Hi Alinta,

One way to think about it is that you're taking a trip from your starting point to your ending point in a given amount of time. Displacement just tells you how far and in which direction you'd have to go to take this trip. Since you also want to take the trip in a certain amount of time, *average* velocity tells you how fast, and in which direction you have to go if you want to go in a straight line between those points in that amount of time. That's why it's given by the displacement vector divided by the trip time.

If your start and end points are in the same spot, then you don't have to move at all to take the trip (displacement = **0**) and your speed is obviously zero since you're not moving at all (average velocity = **0**).

And yes, you're right about units: displacement is a measure of length between two points, so it's measured in units of distance. Average velocity is a measure of speed if you traveled a straight line between those points in a given time, so it's measured in units of speed: distance/time.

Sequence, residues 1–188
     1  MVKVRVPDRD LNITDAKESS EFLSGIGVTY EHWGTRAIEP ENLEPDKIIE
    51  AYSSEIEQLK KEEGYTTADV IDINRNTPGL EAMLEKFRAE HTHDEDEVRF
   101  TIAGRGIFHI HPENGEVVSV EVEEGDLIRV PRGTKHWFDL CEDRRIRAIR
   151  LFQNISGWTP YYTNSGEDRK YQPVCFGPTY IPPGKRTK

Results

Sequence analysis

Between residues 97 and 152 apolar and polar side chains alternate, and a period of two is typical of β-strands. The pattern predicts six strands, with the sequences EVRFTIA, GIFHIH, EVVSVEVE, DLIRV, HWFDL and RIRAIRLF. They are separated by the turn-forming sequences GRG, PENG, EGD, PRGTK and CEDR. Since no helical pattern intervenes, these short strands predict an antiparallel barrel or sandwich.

By the way, you'll probably see another type of velocity very soon in your studies: *instantaneous* velocity (that's why I emphasized *average* above). This is given, for example, by the speedometer on your car and the direction you're driving at every instant of your trip. If you run an errand and end up back at home, your displacement and average velocity are both zero, but your instantaneous velocity was obviously non-zero for most of your trip.